A mnemonic used in evaluating a patient's pain: Onset, Provocation/palliation, Quality, Region/radiation, Severity and Timing.
The mental status of a patient as measured by memory of person (name), place (current location), time (current year, month, and approximate date), and event (what happened.)
To examine by touch.
The motion of the portion of the chest wall that is detached in a flail chest; the motion - in during inhalation, out during exhalation - is exactly the opposite of normal chest wall motion during breathing.
The flower of blood through body tissues and vessels.
personal protective equipment (PPE)
Protective equipment that blocks exposure to a pathogen or a hazardous material.
Negative findings that warrant no care or intervention.
A painful, tender, persistent erection of the penis; can result from spinal cord injury, erectile dysfunction drugs, or sickle cell disease.
A step within the patient assessment process that identifies and initiates treatment of immediate and potential life threats.
The pressure wave that occurs as each heartbeat causes a surge in the blood circulating through the arteries.
An assessment tool that measures oxygen saturation of hemoglobin in the capillary beds.
A step within the patient assessment process performed at regular intervals during the assessment process to identify and treat changes in a patient's condition. A patient in unstable condition should be reassessed every 5 minutes, whereas a patient in stable condition should be reassessed every 15 minutes.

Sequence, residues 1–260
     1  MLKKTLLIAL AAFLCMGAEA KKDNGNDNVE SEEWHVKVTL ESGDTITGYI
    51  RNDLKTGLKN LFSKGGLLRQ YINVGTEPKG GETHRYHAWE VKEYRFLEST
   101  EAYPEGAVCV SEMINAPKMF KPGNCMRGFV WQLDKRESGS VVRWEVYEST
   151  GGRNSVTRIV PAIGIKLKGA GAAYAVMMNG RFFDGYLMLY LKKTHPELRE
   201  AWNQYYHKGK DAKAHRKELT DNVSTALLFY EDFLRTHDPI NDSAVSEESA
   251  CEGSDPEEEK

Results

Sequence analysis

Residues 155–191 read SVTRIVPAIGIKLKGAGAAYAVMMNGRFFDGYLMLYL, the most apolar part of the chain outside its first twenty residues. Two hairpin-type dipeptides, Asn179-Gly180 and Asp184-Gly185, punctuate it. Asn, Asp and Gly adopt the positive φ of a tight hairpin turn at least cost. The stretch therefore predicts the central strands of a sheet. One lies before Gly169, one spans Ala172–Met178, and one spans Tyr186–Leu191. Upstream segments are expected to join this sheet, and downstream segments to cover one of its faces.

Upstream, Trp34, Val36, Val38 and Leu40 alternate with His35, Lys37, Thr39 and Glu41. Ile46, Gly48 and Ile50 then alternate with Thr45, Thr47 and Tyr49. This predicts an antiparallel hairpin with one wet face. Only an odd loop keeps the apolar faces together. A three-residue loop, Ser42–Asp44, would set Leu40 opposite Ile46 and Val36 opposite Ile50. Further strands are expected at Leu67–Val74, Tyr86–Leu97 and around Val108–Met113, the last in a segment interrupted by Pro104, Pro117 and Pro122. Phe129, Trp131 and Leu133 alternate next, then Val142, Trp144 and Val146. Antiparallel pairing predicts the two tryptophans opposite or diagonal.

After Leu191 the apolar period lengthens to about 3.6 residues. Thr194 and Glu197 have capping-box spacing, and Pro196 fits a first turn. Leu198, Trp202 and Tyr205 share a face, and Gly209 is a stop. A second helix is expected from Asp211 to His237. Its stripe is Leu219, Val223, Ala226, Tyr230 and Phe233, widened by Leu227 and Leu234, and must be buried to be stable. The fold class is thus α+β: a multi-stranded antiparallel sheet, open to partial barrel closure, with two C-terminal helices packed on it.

The way in which a patient responds to external stimuli, including a verbal stimuli (sound), tactile stimuli (touch), and painful stimuli.
Movements in which the skin pulls in around the ribs during inspiration.
Coarse, low-pitched breath sounds heard in patients with chronic mucus in the upper airways.
A brief history of a patient's condition to determine signs and symptoms, allergies, medications, pertinent past history, last oral intake, and events leading to the injury or illness.
A step within the patient assessment process that involves a quick assessment of the scene and the surroundings to provide information about scene safety and the mechanism of injury or nature of illness before you enter and begin patient care.
The tough, fibrous, white portion of the eye that protects the more delicate inner structures.